PROSPECTS FOR INTERSTELLAR TRAVEL
by John H. Mauldin (PhD, Sci Ed, U Texas)
Volume 80 , Science and Technology Series
American Astronautical Society Publication
John H. Mauldin has a bachelor's degree in engineering physics (Cornell University, master's in physics (Purdue University), and Ph.D. in science education (University of Texas). He has four books published in science and technology covering mathematical graphics in Perspective Design (1985; second edition now being prepared), physics in Particles in Nature (1986), solar energy in Sunspaces (1987), and optics in Light, Lasers, and Optics (1988). He has taught physics and engineering at several colleges and universities, done education research and development at MIT and University of Texas, and worked at NASA in electronic power engineering on an early phase of the Voyager missions. Astronomy, space travel, and science fiction were his earliest interests. For lack of funds to build a space colony, he and his wife have designed and built the lowest-cost superinsulated circular solar house on Earth, for which they purchase or burn no fuel for heat and which received a state conservation award.
Cosmic particles are dangerous, come from all sides, and require at least 2 meters of solid shielding all around living organisms.
Solar (or star) flares of protons, an occasional and severe hazard on the way out of and into planetary systems, can give doses of hundreds to thousands of REM over a few hours at the distance of Earth [b-Lorr]. Such doses are fatal and millions of times greater than the permitted dose. Death is likely after 500 REMs in any short time
Page 8.5 RADIATION DAMAGE, EROSION AND SHIELDING
Radiation as discussed here is not to be confused with electro-magnetic waves. Radiation as a hazard commonly refers to high-speed particles, charged and un-charged, and energetic photos from sources: material encountered b a high-speed starship, interstellar particles and protons, particles released from any particle or nuclear drive, and solor flares.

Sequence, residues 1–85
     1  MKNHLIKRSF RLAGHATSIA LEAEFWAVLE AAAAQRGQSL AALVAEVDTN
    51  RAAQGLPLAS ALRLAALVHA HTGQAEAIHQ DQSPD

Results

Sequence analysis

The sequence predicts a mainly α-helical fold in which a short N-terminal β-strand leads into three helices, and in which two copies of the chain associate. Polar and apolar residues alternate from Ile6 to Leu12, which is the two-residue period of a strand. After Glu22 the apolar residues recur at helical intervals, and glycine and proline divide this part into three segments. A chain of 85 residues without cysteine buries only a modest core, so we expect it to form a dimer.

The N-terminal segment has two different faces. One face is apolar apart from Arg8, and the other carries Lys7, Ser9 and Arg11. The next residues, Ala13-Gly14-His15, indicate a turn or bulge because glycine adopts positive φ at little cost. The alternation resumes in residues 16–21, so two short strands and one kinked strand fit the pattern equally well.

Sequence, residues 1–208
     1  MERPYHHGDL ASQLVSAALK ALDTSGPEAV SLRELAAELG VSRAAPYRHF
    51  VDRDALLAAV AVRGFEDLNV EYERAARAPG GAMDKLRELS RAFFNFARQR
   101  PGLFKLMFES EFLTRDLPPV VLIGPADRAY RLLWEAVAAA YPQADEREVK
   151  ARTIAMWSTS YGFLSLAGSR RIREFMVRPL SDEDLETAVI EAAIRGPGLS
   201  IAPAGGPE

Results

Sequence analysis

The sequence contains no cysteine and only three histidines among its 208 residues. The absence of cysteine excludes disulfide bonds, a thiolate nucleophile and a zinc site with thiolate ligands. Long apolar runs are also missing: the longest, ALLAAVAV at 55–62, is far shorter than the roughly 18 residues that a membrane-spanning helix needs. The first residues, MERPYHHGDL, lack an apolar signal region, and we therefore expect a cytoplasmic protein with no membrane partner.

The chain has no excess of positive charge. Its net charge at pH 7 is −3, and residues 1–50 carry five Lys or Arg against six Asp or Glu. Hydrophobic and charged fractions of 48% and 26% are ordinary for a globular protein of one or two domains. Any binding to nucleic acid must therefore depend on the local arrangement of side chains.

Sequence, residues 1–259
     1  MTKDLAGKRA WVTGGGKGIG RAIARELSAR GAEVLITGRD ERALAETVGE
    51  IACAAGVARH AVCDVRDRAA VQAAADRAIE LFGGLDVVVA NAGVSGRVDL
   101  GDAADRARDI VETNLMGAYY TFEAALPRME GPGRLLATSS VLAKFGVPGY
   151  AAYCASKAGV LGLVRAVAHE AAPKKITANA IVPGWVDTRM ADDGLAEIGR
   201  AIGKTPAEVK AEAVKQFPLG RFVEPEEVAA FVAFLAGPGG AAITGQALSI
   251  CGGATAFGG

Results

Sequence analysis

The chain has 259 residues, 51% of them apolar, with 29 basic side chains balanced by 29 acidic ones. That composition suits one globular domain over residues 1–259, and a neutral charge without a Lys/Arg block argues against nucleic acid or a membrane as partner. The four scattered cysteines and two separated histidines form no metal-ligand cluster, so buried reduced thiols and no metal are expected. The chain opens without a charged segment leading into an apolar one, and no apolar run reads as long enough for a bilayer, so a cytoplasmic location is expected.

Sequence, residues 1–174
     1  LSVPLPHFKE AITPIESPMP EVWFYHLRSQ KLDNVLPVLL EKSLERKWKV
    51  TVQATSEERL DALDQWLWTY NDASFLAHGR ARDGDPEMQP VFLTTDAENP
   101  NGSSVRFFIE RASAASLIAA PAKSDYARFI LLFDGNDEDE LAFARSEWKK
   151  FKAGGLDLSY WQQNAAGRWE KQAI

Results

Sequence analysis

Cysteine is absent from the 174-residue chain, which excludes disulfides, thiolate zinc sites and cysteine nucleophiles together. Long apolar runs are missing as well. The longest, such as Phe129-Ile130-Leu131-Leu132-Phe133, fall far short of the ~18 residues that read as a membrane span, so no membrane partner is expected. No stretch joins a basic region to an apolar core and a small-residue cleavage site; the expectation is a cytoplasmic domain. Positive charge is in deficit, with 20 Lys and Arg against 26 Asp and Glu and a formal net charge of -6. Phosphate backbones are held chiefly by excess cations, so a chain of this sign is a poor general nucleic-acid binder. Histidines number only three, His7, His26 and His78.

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traversed to leave or reach the planet. Near Earth the dose is about 1 rem per day [b-Lorr]. Some stellar objects, unlikely to be visited soon, emit intense energetic radiation. Solar (or star) flares of protons, an occasional and severe hazard on the way out of and into planetary systems, can give doses of hundreds to thousands of REM over a few hours at the distance of Earth [b-Lorr]. Such does are fatal and millions of times greater than the permitted dose. Death is likely after 500 REMs in any short time, whereas 500 rems spread over a lifetime is not likely to cause problems although not clearly safe. NASA has suggested astronauts might tolerate about 200 rems if received over several years.
While cosmic particle radiation provides less total dose, the higher energy can cause many kinds of secondary particles, flying through the starship after the primary particle is stopped by thick shielding. Cosmic particles are dangerous, come from all sides, and require at least 2 meters of solid shielding all around living organisms. Earth's atmosphere provides the equivalent of about 10 meters of shielding. The shielding requirement is determined by protection from cosmic radiation. A layer of cosmic particle shielding will absorb all forward protons and capture dust grains too. Another effect of cosmic particles is permanent damage to retina and neural cells which do not replace themselves. At the rate astronauts saw flashes in their eyes in unshielded spacecraft, they could lose most vision and brain function in a few years.
Dr. John Mauldin, partner Susan, and their super-insulated solar house on Earth that needs no other heat